Considering the voluminous literature concerned with the anatomy and physiology of what one might call the visceral central nervous system in contradistinction to those regions of the central nervous system dealing with somatic functions, one is surprised how few are the really well established facts. It seems as if in the visceral sphere we still were in the "center" period. In the somatic sphere we have passed such a period and have learned how much more complicated matters are and how single nervous functions must always be studied as a part of the whole and not as in an imaginative isolation but shaped by the functional state of the whole organ.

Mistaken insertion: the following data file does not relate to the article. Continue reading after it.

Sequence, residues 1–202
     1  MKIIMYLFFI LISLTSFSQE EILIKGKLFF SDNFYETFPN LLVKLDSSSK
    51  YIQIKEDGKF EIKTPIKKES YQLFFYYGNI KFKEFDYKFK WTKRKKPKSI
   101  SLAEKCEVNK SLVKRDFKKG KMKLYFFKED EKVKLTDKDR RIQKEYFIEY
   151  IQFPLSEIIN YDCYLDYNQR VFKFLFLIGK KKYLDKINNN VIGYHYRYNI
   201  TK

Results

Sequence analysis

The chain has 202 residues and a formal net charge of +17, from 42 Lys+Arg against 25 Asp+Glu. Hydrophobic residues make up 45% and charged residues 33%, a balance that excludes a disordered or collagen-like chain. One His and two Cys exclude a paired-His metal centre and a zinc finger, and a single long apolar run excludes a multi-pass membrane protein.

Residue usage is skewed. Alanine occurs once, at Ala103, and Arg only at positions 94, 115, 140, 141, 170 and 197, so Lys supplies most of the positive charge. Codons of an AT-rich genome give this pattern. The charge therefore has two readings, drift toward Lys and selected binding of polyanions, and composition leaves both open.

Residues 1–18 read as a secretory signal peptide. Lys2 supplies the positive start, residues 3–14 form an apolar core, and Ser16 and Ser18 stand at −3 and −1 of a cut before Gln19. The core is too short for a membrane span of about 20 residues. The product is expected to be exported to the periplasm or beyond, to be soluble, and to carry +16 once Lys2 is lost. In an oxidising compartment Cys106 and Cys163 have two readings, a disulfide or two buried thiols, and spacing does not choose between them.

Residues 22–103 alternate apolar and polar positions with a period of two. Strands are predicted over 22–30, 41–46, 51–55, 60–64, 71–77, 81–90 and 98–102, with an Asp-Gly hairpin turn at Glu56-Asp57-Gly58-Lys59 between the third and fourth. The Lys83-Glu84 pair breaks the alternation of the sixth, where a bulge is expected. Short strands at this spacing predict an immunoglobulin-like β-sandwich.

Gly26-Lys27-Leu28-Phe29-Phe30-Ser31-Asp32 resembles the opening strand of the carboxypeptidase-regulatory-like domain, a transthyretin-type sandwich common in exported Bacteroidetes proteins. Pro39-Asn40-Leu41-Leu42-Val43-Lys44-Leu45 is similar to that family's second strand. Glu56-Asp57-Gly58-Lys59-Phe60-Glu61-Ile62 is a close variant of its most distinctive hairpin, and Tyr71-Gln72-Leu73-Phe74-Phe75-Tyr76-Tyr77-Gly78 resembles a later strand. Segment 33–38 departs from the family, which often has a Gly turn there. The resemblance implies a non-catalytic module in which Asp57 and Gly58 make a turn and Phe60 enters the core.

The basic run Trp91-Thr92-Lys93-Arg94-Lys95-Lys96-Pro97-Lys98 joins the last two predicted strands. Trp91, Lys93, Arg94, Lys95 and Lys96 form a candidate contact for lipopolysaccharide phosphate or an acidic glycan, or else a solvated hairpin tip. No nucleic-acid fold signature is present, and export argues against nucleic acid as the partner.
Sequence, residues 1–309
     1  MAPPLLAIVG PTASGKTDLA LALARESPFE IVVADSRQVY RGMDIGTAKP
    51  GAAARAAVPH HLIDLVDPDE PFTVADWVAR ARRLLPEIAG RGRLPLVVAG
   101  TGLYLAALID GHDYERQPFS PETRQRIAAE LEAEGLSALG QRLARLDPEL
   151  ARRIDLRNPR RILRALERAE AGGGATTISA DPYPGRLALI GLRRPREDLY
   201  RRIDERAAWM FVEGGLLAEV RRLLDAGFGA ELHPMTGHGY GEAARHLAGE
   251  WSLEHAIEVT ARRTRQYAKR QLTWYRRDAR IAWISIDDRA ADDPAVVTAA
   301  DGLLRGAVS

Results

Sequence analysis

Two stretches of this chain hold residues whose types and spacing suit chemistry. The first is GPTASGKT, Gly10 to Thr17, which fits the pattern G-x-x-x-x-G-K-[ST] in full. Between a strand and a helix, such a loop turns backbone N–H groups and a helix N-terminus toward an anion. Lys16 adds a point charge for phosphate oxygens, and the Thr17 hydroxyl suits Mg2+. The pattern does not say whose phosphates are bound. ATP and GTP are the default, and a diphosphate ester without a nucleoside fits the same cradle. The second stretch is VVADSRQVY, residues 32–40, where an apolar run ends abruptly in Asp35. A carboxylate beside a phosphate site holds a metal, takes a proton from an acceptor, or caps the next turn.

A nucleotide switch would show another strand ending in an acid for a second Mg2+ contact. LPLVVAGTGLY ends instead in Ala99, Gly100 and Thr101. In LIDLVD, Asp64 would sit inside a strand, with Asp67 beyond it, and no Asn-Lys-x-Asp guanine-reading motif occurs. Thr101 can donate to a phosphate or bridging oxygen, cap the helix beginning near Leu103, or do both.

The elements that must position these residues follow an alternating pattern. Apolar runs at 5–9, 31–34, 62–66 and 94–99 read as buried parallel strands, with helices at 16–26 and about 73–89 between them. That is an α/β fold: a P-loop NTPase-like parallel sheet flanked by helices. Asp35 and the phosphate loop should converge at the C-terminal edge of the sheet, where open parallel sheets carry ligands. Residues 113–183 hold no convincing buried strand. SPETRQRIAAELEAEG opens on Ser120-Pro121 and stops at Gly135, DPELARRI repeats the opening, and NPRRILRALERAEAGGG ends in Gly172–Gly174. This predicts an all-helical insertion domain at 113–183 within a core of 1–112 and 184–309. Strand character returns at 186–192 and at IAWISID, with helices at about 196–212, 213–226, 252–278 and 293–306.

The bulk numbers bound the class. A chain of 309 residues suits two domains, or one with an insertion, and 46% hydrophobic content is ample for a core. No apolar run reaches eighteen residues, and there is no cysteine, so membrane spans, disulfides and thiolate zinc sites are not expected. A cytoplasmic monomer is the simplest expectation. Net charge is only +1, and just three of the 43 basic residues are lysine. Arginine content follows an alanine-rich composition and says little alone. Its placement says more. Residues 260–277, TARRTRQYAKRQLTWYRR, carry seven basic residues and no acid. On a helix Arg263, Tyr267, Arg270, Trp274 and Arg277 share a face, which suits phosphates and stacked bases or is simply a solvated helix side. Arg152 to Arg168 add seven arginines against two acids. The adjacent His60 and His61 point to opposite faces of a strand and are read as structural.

Even terms almost sacred, such as "respiratory center," begin to make one feel somewhat uncomfortable. Circumstances appear still more doubtful with regard to the other so-called visceral centers in the medulla oblongata. Eighty years ago, Claude Bernard1 punctured
HILLER F, TANNENBAUM A. THE NERVOUS REGULATION OF SUGAR METABOLISM: I. EXPERIMENTAL STUDIES. Arch NeurPsych. 1929;22(5):901–918. doi:10.1001/archneurpsyc.1929.02220050039003
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